People in the News

New Artist of the Month: Baritone John Brancy

February 1, 2020 | By Clive Paget, Musical America

It’s rare to chat with a singer for an hour without them once raising the subject of “the voice.” John Brancy may not be your typical singer, but diffidence certainly isn’t holding back the 31-year-old New Jersey-born baritone who, as we were speaking, was preparing to fly off for the 2020 Grammys where his recording of the title role in Tobias Picker’s Fantastic Mr. Fox was nominated for Best Opera Recording.

On the subject of the voice, Brancy’s is impressive: clear as a bell, tightly focussed, and with an easily accessed upper register. The singer has come across my desk twice in recent months. Reviewing the Picker, I was struck by his “vigorous, conversational baritone” and how much personality he injected into Mr. Fox’s lengthy, far from simple opening aria. In recent performances of Marc Blitzstein’s No For an Answer at the New York Festival of Song, he transcended the limited staging to deliver something special, thanks to an intelligent understanding of a song’s inner meaning and an intense connection with the text.

Growing up in a not especially musical family—dad is a pilot “but with a great speaking voice,” he tells me—Brancy started singing at age eight, his first solo being Alvin and the Chipmunks’ “Me, I want a Hula-Hoop” (complete with hula-hoop) in his local mall. “I always had a keen interest,” he admits, “but it went from being something I did to get attention to something that felt good and interesting in itself.”

At Brancy’s middle and high school, two Westminster College Choir directors spotted his potential and “shepherded” him through the musical learning process. He debuted in school musicals as a pirate in The Pirates of Penzance (“we all had nicknames and for some reason mine was ‘wet lips,’” he laughs). At age 15 he was cast as Harold Hill in The Music Man and by 18 he was singing Billy Bigelow. What changed his world, though, was a pair of CDs: Bryn Terfel’s English song recital Vagabond and Thomas Hampson’s Broadway album Leading Man. “Both of them brought me to tears,” Brancy admits. “My choral director said, these are opera singers; you have an opera voice; we have to find you a vocal coach.”

Eventually he was taken under the wing of Cynthia Hoffmann who helped him earn a place at Juilliard where he studied for six years with legendary soprano Edith Wiens (who still teaches him today).

Despite his obvious enthusiasm for the stage, Brancy wasn’t immediately drawn to opera, preferring the more cerebral territory of art song. It was there he first made his mark, winning first prize in the Music Academy of the West’s 2013 Marilyn Horne Song Competition, media prize in the 2017 Belvedere International Singing Competition in Moscow, first prize in the 2018 Lotte Lenya Competition in New York, and, most recently, first prize in the Art Song Division of the 2018 Concours Musical International de Montréal. But it was his second prize at the 2017 Wigmore Hall Competition in London that he feels was most significant. “I was able to show that I was bringing something fresh to the table,” he says. “Programming is so important to me and that’s a major part of the competition. I took a major risk in the finals. I sang too loud—Carl Orff—and perhaps too much. I split the jury and I split the audience, but that was what I wanted to do, and it was an exciting place to do it.”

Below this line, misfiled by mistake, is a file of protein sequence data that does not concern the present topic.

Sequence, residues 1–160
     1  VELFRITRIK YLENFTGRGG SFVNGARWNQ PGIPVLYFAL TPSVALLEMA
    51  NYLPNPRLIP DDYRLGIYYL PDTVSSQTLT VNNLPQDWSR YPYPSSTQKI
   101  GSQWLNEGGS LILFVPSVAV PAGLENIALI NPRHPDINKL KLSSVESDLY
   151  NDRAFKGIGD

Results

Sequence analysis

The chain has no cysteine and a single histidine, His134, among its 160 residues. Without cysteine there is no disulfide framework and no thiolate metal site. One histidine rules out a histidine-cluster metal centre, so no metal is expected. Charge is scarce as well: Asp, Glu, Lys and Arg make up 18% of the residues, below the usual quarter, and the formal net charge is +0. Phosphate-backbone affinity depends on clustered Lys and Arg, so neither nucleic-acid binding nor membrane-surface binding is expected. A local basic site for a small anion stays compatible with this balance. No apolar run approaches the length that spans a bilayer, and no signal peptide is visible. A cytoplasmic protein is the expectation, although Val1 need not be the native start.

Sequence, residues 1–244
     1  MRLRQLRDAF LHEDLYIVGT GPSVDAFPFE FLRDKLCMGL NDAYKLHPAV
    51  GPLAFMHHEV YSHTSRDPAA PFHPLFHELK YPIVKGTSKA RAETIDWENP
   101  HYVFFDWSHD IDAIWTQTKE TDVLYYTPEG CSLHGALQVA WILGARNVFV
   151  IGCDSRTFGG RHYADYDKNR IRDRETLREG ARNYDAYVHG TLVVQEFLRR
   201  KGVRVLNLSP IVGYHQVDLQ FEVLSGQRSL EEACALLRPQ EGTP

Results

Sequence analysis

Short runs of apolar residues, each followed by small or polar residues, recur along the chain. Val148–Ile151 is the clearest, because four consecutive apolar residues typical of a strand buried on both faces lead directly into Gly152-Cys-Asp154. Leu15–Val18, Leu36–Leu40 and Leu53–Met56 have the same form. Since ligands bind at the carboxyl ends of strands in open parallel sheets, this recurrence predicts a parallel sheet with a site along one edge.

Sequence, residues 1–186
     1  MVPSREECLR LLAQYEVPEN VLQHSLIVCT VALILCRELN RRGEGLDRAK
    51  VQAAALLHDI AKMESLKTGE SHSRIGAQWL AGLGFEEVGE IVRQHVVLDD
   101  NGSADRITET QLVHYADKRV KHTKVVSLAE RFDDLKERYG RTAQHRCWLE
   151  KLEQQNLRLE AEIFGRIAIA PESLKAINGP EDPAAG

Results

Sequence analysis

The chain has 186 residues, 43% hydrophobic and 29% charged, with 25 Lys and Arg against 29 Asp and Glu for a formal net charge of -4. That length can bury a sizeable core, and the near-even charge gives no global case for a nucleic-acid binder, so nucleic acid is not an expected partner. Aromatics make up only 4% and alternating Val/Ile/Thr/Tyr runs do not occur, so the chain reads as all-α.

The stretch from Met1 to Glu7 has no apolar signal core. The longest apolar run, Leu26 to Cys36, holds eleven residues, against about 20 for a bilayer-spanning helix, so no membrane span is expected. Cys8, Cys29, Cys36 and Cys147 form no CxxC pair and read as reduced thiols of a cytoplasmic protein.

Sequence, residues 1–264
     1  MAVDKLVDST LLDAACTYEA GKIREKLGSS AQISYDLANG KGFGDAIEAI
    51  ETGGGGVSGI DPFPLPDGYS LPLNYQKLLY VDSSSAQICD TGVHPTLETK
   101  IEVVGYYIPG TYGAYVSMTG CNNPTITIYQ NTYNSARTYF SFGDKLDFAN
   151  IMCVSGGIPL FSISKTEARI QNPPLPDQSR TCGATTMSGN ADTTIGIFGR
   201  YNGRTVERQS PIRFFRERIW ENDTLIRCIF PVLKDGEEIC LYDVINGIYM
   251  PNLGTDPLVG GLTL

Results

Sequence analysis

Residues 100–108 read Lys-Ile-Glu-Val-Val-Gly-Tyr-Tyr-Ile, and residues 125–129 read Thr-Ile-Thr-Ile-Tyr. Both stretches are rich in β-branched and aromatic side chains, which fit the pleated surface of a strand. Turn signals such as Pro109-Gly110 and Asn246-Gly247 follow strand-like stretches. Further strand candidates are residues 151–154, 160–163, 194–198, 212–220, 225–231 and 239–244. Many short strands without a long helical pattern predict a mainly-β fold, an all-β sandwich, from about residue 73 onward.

The Orff came out of a highly personal four-year project, one which saw Brancy and long-term pianist collaborator Peter Dugan touring two programs—A Silent Night: A WWI Memorial in Song and Armistice: The Journey Home— to venues including Alice Tully Hall, the Smithsonian Institute, and the Kennedy Center. Opening in 2014, the centennial of the start of The Great War, the project represents the main combatants through music—England (composers George Butterworth and Ivor Gurney), France (Ravel, Poulenc, Debussy), Germany (the Orff, dug up in a library in Toronto), and America (Ives)—alongside popular songs of the times. “We started looking at the history of the composers, the battles, and we found so many connections,” he explains. “Thematic programming takes it to another level.”

With pianist Peter Dugan at the 2018 Concours Musical International de Montréal

Alongside art song, modern opera also started to exert a pull. “Contemporary opera is an opportunity to take risks, and to bring forward necessary topics of discussion,” he says. “It's ultimately what I want in life as a singing actor.”

In 2019 Brancy debuted with the LA Philharmonic in a new production of Meredith Monk’s ATLAS, directed by Yuval Sharon, and sang at Oper Frankfurt in another Sharon production, Olga Neuwirth’s Lost Highway. “With Yuval there’s a lot of talking about character throughout the process: what is the nature of their personalities; why are they in the scenario they are in?” he explains. “Ultimately, it was about letting go of what I’d learned as an opera singer—as John—where you are told to be who you are and present that persona in everything you do. This was the opposite. It was [to] shave away the persona, let it go, kill the ego, and birth this entirely new person through your voice, through character, and through the music.”

This year Brancy will appear in Jonathan Dove’s Flight for Pacific Opera Victoria, Puccini’s Messa de Gloria in Milan and Stuttgart, and he will make his Tanglewood debut in a new work by Michael Gandolfi with the Boston Symphony Orchestra. Oh, and he may have sung too loudly, but Wigmore Hall has invited him to give a recital in the Fall. This is one singing actor who is clearly making a name for himself.


Middle photo: John Brancy as Donald in San Francisco Opera production of Billy Budd

Credit Cory Weaver; top photo credit Gerard Collett



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